The Nobel Prize announced Friday for President Barack Obama is not aimed to attract the American people. It is aimed mainly to attract the Europeans and galvanize their populations against any forceful American policy response to terror threats around the World. (See the AP article below)
It is particularly aimed to hamstring President Obama in matters of US national security in the hope of constricting his use of military force. There is a real fear out there that world war is coming and the European theater will be rife with strife. They understandably want to avoid that, but at least a good portion of the thinking is that they can find a way to live with terrorism and even Islamism and must avoid confrontation at all costs. In the back of their minds is the experience of two World Wars on their own soil.
How does this relate to Israel?
The line of thought represented by the Nobel Committee giving out the Nobel Peace Prize is a European idea which shows the source of the animosity to Israel, beside the layer of anti-Semitism extant there. We can draw this line of reasoning such:
- Islamism is a massive political tide they fear must be accommodated rather than confronted
- Israel, like parts of Czechoslovakia to Hitler’s Germany, stand in the way of accommodation and are entirely expendable; self-interest comes first
- The USA cannot stem the tide and can only make matters worse in their confrontational opposition to Islamism
- Israel can also make trouble for them because it will naturally follow its self-interest in survival; such self-interest involves confrontation with Islamism
- The Arab/Palestinian question is a pressure point to constrain Israel, even at the expense of Israel’s survival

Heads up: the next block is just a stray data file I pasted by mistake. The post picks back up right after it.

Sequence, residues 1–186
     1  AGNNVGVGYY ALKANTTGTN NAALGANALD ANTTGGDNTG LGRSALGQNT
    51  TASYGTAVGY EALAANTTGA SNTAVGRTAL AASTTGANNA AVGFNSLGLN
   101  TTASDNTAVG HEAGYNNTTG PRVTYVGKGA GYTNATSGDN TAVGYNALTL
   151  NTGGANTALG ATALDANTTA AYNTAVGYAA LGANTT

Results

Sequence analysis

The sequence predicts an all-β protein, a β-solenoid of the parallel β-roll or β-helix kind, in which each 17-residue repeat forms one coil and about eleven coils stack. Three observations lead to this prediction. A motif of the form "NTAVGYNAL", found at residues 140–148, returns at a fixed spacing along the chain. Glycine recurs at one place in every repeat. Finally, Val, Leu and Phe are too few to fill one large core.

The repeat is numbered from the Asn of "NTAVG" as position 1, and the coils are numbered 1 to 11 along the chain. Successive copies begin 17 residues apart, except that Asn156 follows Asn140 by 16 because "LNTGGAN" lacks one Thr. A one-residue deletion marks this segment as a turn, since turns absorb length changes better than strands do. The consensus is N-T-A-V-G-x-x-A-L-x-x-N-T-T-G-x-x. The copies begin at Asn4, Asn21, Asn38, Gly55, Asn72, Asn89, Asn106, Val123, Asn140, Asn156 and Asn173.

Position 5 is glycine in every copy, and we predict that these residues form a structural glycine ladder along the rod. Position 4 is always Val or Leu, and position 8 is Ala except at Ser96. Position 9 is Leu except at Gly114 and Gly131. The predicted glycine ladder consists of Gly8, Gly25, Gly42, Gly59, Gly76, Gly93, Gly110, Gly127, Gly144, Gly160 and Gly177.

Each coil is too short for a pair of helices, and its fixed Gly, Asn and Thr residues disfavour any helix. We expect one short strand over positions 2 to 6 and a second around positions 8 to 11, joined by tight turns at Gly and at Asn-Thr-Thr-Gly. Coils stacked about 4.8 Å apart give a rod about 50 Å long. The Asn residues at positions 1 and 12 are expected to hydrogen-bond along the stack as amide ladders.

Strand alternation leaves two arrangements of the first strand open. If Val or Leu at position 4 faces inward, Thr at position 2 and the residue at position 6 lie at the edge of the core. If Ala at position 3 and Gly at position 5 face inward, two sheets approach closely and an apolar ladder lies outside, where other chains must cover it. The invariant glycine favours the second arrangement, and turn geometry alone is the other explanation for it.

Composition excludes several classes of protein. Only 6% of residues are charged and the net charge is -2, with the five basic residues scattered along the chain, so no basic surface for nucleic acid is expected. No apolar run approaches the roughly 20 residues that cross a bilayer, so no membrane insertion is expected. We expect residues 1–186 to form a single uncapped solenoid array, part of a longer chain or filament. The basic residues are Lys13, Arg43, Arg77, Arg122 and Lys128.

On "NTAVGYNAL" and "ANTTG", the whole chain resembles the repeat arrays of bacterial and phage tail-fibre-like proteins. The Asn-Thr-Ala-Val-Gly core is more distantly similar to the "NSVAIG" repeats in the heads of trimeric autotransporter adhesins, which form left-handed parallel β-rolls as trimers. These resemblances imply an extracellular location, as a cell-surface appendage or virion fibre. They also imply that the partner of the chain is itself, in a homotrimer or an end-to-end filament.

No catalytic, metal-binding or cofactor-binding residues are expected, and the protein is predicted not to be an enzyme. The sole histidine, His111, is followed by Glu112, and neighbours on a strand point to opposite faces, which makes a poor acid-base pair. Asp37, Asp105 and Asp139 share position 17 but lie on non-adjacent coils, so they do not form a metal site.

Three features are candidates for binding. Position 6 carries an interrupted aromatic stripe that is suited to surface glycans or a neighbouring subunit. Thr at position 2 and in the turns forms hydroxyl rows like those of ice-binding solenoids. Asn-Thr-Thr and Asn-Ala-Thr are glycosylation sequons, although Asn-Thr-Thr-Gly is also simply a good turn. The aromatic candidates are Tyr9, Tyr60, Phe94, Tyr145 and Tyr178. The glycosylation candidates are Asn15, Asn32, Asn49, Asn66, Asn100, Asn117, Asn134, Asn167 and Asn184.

- The Europeans of this mind-set publicly project that they are for Israel’s interests, but they have a nefarious agenda for her and ignore all countervailing evidence of threats to Israel
- This explains much about the motivation of those who seem to give more credence to evidence against Israel than evidence in her favor. In another word: bias.
By saying all this, may I make it more clear that not all Europeans feel this way. What I am saying is that this is a predominant force in European politics that is evident in the awarding of the Peace Prize to President Obama.
Obama Wins Nobel Peace PrizeBy KARL RITTER and MATT MOOREAPOSLO (Oct. 9) — President Barack Obama won the 2009 Nobel Peace Prize on Friday for “his extraordinary efforts to strengthen international diplomacy and cooperation between peoples,” the Norwegian Nobel Committee said, citing his outreach to the Muslim world and attempts to curb nuclear proliferation.The stunning choice made Obama the third sitting U.S. president to win the Nobel Peace Prize and shocked Nobel observers because Obama took office less than two weeks before the Feb. 1 nomination deadline. Obama’s name had been mentioned in speculation before the award but many Nobel watchers believed it was too early to award the president.